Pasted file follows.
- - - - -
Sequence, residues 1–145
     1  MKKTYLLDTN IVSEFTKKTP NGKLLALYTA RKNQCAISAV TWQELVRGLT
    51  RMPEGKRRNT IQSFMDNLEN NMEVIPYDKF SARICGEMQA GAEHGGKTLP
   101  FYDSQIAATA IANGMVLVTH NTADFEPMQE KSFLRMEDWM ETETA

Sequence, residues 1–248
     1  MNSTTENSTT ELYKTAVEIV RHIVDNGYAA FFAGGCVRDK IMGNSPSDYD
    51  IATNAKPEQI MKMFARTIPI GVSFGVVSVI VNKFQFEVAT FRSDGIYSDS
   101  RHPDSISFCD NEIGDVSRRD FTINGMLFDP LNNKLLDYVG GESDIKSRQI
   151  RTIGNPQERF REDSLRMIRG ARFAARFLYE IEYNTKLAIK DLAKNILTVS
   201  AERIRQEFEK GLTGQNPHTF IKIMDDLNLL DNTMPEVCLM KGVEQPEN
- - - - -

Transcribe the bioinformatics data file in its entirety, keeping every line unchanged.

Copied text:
Sequence, residues 1–145
     1  MKKTYLLDTN IVSEFTKKTP NGKLLALYTA RKNQCAISAV TWQELVRGLT
    51  RMPEGKRRNT IQSFMDNLEN NMEVIPYDKF SARICGEMQA GAEHGGKTLP
   101  FYDSQIAATA IANGMVLVTH NTADFEPMQE KSFLRMEDWM ETETA

Sequence, residues 1–248
     1  MNSTTENSTT ELYKTAVEIV RHIVDNGYAA FFAGGCVRDK IMGNSPSDYD
    51  IATNAKPEQI MKMFARTIPI GVSFGVVSVI VNKFQFEVAT FRSDGIYSDS
   101  RHPDSISFCD NEIGDVSRRD FTINGMLFDP LNNKLLDYVG GESDIKSRQI
   151  RTIGNPQERF REDSLRMIRG ARFAARFLYE IEYNTKLAIK DLAKNILTVS
   201  AERIRQEFEK GLTGQNPHTF IKIMDDLNLL DNTMPEVCLM KGVEQPEN